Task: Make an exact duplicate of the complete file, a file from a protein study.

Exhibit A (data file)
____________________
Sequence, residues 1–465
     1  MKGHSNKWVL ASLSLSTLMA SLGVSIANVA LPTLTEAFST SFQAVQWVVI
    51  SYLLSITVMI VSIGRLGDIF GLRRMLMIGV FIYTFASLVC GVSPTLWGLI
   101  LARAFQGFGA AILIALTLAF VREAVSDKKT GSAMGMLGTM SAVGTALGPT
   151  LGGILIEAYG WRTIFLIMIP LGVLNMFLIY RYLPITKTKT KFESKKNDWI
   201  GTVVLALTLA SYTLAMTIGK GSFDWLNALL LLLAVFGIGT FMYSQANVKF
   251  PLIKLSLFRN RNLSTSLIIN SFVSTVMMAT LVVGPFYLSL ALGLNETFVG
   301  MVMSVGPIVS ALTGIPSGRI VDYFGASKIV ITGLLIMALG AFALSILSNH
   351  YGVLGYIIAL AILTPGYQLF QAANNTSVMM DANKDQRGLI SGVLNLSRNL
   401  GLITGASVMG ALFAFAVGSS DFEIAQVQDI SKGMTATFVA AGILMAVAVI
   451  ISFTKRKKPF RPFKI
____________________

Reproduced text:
Sequence, residues 1–465
     1  MKGHSNKWVL ASLSLSTLMA SLGVSIANVA LPTLTEAFST SFQAVQWVVI
    51  SYLLSITVMI VSIGRLGDIF GLRRMLMIGV FIYTFASLVC GVSPTLWGLI
   101  LARAFQGFGA AILIALTLAF VREAVSDKKT GSAMGMLGTM SAVGTALGPT
   151  LGGILIEAYG WRTIFLIMIP LGVLNMFLIY RYLPITKTKT KFESKKNDWI
   201  GTVVLALTLA SYTLAMTIGK GSFDWLNALL LLLAVFGIGT FMYSQANVKF
   251  PLIKLSLFRN RNLSTSLIIN SFVSTVMMAT LVVGPFYLSL ALGLNETFVG
   301  MVMSVGPIVS ALTGIPSGRI VDYFGASKIV ITGLLIMALG AFALSILSNH
   351  YGVLGYIIAL AILTPGYQLF QAANNTSVMM DANKDQRGLI SGVLNLSRNL
   401  GLITGASVMG ALFAFAVGSS DFEIAQVQDI SKGMTATFVA AGILMAVAVI
   451  ISFTKRKKPF RPFKI